Nav: Home

Crop residue burning is a major contributor to air pollution in South Asia

February 27, 2019

While fossil fuel emissions in New Delhi account for 80 percent of the air pollution plume during the summer, emissions from biomass burning (such as crop residue burning) in neighboring regions rival those from fossil fuels during the fall and winter.

"Black carbon aerosols are damaging to human health and their levels are higher in New Delhi than in many other megacities. During fall and winter, the levels of polluting air particles in New Delhi can reach ten times the limit recommended by the World Health Organization. To determine the environmental effects of black carbon in this highly populated city, it is crucial to quantify the contributions from the key emissions sources," says August Andersson, Researcher at the Department of Environmental Science and Analytical Chemistry (ACES), Stockholm University and co-author of the study.

The researchers collected air samples from New Delhi during 2011 and analyzed their black carbon content by creating carbon isotope signature profiles of each of the samples to identify the source of the particles. Different sources of carbon give their own unique isotopic fingerprints. When they compared the relative amounts of the black carbon particles from the different sources over the course of a year they discovered a strong seasonal variation. The relative contribution from fossil fuel combustion peaked during rainy summers and the contribution from biomass burning (for example wood and straw burning) peaked during the dry fall and winter months. In addition, the scientists found that the sources of the high biomass emissions were regional rather than local and urban, for example, burning of residual crops by farmers living approximately 200 km away from New Delhi. In India, crop residue burning occurs after harvest, which typically occurs in October/November for wheat, and in April/May for rice.

"Our findings contradict the widespread notion that the emission flux between cities and the countryside is mainly one-way. No other study has conclusively reported such high amounts of black carbon from biomass burning in the middle of a megacity, where the main source is expected to be traffic. The wintertime regional influx of black carbon into New Delhi suggests that to efficiently combat severe air pollution, it is necessary to not only mitigate the urban emissions, but also regional-scale biomass emissions, including agricultural crop residue burning," says August Andersson. He continues: "Air pollution in the Indo-Gangetic region, which includes eastern Pakistan, northern India and Bangladesh, is a regional problem, potentially affecting nearly 1 billion people."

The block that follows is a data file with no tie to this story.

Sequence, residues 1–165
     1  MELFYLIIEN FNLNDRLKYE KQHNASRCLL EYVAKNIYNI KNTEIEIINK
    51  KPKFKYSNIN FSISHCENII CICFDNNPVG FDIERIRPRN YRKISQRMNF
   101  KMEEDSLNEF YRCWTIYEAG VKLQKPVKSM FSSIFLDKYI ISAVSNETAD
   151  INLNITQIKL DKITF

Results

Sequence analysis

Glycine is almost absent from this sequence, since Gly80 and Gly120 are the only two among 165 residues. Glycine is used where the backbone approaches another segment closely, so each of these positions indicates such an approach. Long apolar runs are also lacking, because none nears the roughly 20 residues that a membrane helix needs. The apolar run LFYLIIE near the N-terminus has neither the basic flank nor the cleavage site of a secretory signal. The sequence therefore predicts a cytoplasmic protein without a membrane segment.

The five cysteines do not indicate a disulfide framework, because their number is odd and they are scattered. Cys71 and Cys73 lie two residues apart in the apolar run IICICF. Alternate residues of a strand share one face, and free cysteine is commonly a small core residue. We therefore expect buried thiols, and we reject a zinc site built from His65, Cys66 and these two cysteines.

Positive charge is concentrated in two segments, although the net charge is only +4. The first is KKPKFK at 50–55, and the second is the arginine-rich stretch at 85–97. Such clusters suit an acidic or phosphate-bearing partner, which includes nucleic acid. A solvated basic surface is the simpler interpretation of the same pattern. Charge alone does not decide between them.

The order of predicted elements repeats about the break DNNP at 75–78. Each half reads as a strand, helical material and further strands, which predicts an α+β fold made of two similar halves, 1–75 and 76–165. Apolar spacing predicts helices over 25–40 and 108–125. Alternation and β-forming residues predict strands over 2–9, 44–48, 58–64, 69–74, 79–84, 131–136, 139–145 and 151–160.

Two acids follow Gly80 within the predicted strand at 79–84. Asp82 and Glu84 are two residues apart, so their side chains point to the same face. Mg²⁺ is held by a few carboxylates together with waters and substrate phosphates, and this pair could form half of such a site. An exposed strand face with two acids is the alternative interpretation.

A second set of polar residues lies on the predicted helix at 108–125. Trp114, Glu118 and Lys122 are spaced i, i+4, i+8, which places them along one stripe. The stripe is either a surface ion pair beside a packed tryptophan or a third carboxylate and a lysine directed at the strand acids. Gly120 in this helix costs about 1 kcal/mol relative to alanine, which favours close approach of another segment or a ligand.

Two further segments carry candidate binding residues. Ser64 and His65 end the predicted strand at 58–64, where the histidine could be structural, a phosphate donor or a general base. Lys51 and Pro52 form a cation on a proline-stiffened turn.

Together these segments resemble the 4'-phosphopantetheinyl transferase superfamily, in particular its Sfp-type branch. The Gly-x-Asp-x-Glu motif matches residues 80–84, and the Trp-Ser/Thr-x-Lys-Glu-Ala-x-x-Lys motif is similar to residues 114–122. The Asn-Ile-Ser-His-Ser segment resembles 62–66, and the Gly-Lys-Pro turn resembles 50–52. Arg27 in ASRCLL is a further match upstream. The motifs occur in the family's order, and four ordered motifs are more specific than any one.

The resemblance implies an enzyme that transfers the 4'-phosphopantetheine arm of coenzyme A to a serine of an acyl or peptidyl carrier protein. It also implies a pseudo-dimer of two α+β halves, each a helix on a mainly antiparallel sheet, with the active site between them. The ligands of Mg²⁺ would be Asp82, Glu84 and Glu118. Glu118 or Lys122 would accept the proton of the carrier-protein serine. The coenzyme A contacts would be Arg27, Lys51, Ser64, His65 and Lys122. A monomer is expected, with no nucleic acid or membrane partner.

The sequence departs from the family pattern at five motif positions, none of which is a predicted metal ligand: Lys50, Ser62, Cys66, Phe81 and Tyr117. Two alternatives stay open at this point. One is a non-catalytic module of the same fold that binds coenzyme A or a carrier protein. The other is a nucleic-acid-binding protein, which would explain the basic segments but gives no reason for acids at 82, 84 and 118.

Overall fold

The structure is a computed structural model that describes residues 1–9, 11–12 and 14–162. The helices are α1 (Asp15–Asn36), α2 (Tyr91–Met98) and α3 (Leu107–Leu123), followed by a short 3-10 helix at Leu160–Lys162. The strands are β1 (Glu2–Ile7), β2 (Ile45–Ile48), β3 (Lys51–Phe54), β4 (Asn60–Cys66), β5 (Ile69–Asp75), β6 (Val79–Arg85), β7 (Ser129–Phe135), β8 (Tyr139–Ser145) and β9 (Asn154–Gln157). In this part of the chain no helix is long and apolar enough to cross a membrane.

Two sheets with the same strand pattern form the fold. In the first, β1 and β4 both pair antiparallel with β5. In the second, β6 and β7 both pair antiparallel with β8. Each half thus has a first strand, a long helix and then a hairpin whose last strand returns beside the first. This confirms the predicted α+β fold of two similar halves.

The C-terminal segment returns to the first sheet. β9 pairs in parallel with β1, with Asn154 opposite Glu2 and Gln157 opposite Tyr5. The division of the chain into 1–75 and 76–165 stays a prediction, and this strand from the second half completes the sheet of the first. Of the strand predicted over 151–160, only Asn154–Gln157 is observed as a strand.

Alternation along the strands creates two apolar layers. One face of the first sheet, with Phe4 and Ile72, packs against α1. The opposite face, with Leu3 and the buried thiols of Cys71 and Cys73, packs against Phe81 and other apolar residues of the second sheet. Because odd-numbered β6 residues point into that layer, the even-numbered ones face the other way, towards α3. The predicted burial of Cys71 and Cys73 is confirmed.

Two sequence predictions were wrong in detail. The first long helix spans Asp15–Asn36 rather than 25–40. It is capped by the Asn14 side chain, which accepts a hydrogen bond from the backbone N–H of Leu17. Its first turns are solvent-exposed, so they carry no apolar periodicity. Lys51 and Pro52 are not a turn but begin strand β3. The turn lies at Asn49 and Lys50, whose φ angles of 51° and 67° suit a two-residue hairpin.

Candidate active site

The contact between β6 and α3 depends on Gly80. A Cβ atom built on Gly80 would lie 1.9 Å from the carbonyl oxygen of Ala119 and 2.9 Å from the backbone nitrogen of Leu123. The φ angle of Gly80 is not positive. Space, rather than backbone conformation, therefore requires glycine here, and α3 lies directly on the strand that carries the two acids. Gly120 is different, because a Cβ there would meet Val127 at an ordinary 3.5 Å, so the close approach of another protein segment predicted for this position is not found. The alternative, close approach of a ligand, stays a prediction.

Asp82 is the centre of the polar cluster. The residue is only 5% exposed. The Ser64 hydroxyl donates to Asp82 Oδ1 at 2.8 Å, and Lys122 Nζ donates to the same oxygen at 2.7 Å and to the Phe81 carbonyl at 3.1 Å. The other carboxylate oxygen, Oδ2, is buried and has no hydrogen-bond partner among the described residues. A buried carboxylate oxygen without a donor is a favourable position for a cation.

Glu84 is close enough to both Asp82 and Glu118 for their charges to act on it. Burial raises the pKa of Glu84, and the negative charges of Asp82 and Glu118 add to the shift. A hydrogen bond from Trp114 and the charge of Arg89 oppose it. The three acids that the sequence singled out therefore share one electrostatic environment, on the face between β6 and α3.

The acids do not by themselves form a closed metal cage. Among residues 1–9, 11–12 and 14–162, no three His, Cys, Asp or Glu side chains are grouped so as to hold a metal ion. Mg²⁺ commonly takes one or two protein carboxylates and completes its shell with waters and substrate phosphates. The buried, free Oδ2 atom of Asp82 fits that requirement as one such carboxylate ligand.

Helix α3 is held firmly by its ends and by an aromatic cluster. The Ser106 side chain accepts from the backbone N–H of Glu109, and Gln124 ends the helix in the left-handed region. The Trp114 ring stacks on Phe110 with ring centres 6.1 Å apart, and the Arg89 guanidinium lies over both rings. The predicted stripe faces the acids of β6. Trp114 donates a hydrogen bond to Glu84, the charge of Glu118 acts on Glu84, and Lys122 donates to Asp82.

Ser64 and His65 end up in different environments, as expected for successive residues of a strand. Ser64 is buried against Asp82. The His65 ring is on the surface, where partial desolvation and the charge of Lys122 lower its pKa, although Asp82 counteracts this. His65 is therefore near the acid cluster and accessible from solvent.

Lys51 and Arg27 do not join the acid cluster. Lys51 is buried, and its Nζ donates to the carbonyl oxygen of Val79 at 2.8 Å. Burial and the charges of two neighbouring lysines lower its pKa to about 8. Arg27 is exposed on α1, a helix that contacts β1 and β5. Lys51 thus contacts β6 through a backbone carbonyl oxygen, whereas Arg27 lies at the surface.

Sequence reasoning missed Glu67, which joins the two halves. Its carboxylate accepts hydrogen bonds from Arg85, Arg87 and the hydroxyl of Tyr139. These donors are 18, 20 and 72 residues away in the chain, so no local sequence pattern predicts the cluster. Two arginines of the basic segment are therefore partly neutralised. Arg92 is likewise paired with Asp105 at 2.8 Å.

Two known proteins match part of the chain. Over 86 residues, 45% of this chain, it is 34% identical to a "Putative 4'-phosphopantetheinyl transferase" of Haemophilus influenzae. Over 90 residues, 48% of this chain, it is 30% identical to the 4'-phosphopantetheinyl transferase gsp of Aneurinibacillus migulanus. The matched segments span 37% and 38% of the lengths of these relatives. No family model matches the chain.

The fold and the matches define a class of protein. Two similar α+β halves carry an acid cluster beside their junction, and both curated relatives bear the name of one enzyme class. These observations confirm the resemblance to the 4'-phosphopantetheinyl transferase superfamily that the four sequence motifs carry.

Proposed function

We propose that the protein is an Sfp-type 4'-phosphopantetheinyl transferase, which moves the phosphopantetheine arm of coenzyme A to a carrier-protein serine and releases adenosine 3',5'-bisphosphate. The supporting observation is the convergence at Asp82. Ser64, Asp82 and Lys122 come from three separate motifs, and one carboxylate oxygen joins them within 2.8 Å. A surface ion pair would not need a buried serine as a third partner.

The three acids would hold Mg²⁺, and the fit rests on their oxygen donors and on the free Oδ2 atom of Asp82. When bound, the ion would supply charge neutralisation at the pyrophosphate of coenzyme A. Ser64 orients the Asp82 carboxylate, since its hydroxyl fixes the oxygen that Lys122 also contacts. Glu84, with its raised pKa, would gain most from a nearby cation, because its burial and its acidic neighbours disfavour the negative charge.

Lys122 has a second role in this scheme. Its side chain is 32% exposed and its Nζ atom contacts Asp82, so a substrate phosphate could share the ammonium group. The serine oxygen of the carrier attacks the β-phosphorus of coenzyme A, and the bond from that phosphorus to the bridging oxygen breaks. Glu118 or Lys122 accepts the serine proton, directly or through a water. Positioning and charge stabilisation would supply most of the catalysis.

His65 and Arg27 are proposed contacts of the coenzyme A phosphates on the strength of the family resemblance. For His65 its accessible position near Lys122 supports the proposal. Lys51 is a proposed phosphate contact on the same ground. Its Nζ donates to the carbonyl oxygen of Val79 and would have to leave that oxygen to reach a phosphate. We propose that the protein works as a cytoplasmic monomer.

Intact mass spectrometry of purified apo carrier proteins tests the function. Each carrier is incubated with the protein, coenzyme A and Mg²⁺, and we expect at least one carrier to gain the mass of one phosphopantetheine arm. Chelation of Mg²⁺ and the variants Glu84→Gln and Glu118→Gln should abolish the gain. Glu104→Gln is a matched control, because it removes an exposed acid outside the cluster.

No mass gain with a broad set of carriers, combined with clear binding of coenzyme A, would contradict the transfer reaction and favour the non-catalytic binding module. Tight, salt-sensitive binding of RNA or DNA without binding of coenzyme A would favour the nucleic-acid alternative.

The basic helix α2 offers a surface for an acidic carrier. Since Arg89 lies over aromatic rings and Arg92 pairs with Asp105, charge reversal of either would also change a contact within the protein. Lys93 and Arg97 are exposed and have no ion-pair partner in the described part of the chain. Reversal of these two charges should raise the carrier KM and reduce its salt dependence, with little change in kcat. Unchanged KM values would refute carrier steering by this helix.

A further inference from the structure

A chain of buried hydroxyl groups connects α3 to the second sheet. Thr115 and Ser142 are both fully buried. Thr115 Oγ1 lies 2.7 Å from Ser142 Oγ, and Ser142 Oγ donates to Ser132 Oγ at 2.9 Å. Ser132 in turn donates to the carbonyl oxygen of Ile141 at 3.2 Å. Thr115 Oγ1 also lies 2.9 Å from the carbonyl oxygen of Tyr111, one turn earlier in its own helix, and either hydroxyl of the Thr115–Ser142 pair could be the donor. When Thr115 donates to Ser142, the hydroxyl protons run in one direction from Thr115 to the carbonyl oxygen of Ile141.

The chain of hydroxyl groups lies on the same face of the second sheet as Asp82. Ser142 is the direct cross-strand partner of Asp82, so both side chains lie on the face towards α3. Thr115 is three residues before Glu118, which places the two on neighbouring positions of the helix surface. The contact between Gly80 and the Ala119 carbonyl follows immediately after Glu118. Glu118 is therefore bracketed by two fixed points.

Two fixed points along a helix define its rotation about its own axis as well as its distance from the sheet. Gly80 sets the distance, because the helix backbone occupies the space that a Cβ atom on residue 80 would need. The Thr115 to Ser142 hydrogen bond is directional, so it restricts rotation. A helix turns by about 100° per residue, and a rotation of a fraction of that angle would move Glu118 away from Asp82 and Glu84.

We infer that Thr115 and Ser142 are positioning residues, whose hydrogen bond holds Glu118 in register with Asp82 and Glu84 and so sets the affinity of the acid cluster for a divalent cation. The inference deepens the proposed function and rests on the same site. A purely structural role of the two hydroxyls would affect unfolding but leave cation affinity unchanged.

-end-
Contact information

August Andersson, co-author
Tel: +46 (0) 727 078 984
E-mail: august.andersson@aces.su.se

Örjan Gustafsson, co-author
Tel: +46 (0) 703 247 317
E-mail: orjan.gustafsson@aces.su.se

Stockholm University

Related Air Pollution Articles:

Combatting air pollution with nature
Air pollution is composed of particles and gases that can have negative impacts on both the environment and human health.
Nature might be better than tech at reducing air pollution
Adding plants and trees to the landscapes near factories and other pollution sources could reduce air pollution by an average of 27 percent, new research suggests.
Aspirin may prevent air pollution harms
A new study is the first to report evidence that nonsteroidal anti-inflammatory drugs (NSAIDs) like aspirin may lessen the adverse effects of air pollution exposure on lung function.